2023 Winter Gear Guide

2023 Blizzard Sheeva 9 Review

Introducing the top-rated women’s all-mountain ski of the year

Jenny Wiegand

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This article was first published by SkiMag.com.

The Scores (out of 10)

  • Overall Score: 8.31/10
  • Rank: #1
  • Versatility: 8.4
  • Crud Performance: 8.4
  • Playfulness: 8.2
  • Responsiveness: 8.2
  • Hard-Snow Integrity: 8.4
  • Quickness: 8.4
  • Stability at Speed: 8.4
  • Carving: 8.6
  • Flotation: 7.6
  • Forgiveness: 7.6

The Specs

  • Price: $650
  • Lengths: 148, 157, 164, 172
  • Dimensions: 124-92-114
  • Radius: 14m (164cm)
  • Level: Strong Intermediate to Expert

In a Nutshell

  • Pros: Crud Performance (#2), Stability at Speed (#3)
  • Cons: Playfulness (#5), Responsiveness (#7)

Buy Now

Allow us to re-introduce you to this year’s chart-topping women’s all-mountain ski: the Sheeva 9, a more freeride-oriented all-mountain option compared to her more directional sister, the Black Pearl 97. Though the Sheeva 9 has been around for a number of seasons, she’s always been overshadowed by the Black Pearl 97—until now.

Cut from the same cloth as Blizzard’s popular unisex Rustler line but with a lighter core, the Sheeva 9 features the same construction designed to focus more on off-trail performance than groomer performance. That includes tip and tail rocker to promote better float and make smearing turns through crud and mank easier, as well as Blizzard’s Carbon Flipcore technology, where a layer of Titanal and bi-directional carbon fiber reinforce a multiwood core.

That blend of a powerful core and more playful profile allows the Sheeva 9 to shine in the crud, with testers praising its ability to plow over and through variable snow conditions above all else.

Related: See How the Blizzard Sheeva 9 Compares to Its Competition

That said, thanks to traditional camber underfoot and that sturdy core construction, it’s just as comfortable on groomers and hard snow. If you think all-mountain skis aren’t great for carving, you haven’t tried the Sheeva 9 yet. It may have a 92mm waist, but this ski positively rails on edge, especially when you dial up the speed. Proof: This ski was among the top three performers in the Carving and Stability at Speed categories.

While the Sheeva 9 wasn’t the top scorer in all categories, it was the most consistent scorer across the board. No other ski tested in this category had the same balance of skills or perfect mix of dependability and energy, which is why the Sheeva 9 is this year’s category-winner. Testers unanimously agreed that the Sheeva 9 is a do-it-all ski that shows no real weaknesses in any snow condition or terrain type.

“I knew this ski to be a one-ski quiver, so no surprises on how well it performed,” noted tester Avery Pesce, an expert skier from the East. “This is a Best in Test all-mountain ski. She’s quick to respond to whatever you throw at her, whether it’s whipping through the trees, plowing through bumps and mashed potatoes, or hot-lapping it on groomers. A super-energetic and dependable ski you can reach for in all conditions and not be let down.”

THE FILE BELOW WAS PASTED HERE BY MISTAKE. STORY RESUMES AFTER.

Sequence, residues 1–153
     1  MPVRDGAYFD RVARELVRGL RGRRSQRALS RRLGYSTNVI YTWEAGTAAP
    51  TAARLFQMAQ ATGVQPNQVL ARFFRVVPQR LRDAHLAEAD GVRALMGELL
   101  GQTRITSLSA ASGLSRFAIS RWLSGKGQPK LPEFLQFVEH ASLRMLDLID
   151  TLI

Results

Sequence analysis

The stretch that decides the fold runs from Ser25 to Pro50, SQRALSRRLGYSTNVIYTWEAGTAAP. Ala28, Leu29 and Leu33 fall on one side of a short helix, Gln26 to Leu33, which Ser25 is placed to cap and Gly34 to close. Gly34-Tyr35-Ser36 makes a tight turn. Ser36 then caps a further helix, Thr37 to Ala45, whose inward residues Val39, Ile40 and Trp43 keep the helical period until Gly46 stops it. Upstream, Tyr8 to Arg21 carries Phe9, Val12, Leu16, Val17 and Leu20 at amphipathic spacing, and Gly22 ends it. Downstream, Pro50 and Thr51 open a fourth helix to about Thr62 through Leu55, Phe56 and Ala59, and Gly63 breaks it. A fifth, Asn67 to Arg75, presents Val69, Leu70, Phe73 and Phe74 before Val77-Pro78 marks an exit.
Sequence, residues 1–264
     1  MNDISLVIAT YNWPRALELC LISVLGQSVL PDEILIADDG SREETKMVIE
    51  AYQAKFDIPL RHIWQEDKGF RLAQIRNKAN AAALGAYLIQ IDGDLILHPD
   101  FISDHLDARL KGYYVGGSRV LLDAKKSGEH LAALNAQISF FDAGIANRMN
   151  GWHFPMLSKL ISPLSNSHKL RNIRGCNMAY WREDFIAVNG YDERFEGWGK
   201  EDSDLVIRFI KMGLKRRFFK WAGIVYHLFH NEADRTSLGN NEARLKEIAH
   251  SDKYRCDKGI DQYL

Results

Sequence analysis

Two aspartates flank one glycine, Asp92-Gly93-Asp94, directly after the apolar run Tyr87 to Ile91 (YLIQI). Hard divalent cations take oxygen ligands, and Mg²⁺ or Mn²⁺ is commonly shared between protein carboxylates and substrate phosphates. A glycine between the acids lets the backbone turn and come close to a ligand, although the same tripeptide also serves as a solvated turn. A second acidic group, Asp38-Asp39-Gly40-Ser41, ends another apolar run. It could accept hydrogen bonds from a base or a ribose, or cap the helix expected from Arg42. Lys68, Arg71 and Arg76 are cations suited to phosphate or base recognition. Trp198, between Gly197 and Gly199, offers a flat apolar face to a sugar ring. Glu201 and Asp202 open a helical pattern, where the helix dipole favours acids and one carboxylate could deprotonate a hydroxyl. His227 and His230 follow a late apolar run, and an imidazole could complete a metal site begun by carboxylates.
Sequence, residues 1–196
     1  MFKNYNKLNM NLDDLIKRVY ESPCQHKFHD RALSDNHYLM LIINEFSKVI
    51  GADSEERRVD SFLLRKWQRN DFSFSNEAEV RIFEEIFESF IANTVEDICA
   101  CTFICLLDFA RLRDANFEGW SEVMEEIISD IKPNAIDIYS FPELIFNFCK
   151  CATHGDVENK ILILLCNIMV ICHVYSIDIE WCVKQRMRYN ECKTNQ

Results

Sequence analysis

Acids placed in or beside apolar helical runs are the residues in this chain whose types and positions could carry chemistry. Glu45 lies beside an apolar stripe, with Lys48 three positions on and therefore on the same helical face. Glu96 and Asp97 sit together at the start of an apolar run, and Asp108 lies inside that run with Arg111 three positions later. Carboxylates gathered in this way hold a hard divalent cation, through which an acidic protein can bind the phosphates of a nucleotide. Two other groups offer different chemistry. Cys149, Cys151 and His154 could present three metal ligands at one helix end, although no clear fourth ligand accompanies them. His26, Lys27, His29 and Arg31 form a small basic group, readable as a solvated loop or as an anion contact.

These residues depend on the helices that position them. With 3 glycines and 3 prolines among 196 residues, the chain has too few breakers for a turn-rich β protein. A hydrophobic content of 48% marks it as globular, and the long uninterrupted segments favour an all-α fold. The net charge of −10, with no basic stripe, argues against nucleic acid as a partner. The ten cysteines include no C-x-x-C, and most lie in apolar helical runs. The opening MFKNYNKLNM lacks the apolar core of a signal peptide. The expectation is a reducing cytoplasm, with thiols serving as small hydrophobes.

Testers did give the Sheeva 9 lower marks (relatively speaking) in the Playfulness and Responsiveness categories, noting that you pay a small price for the heavier construction. Compared to some of the other skis tested in the women’s all-mountain category, the Sheeva 9 is stiffer and has a slightly higher swing weight, so it doesn’t respond as quickly to slight movements and pressure. “So stiff that it hooks up a bit in hard bumps,” commented tester Erika Northrop, who calls Taos, N.M. home.

However, it’s worth noting that most ladies tested the Sheeva 9 in the 172cm-length, and with Blizzard skis, you feel every advertised centimeter. So don’t let the lower responsiveness and playfulness scores dissuade you if you’re a confident all-mountain skier who gravitates towards a ski with a sturdy platform. Strong intermediates will find the Sheeva 9 an approachable and confidence-boosting all-mountain tool, so long as they size down. In the longer lengths, the Sheeva 9 packs a punch best suited to experts willing to dial it up to 11.

“Anyone who wants to play off-pise, then go fast and take chances on-piste, will dig this ski,” said Northrop. “This is just a really solid and dependable all-mountain ski,” summarized Jackson Hole ski patroller Michelle Nicholson.


Jenny Wiegand is SKI’s managing editor. Born and raised in Garmisch-Partenkirchen, Germany, Jenny grew up exploring the Alps on skis, bikes, and her own two feet. She has since traded in the Alps for the Rockies to seek new trails, new adventures, and write about her favorite sport—skiing—in her new home of Boulder, Colo. Since joining the SKI Magazine editorial team in 2018, Jenny has written and edited stories for SKI’s print and digital outlets. A lifelong skier and former club racer, Jenny is also a self-proclaimed gearhead and puts that knowledge to good use as one of SKI Magazine’s official gear testers.

Lead Photo: Kevin Zansler

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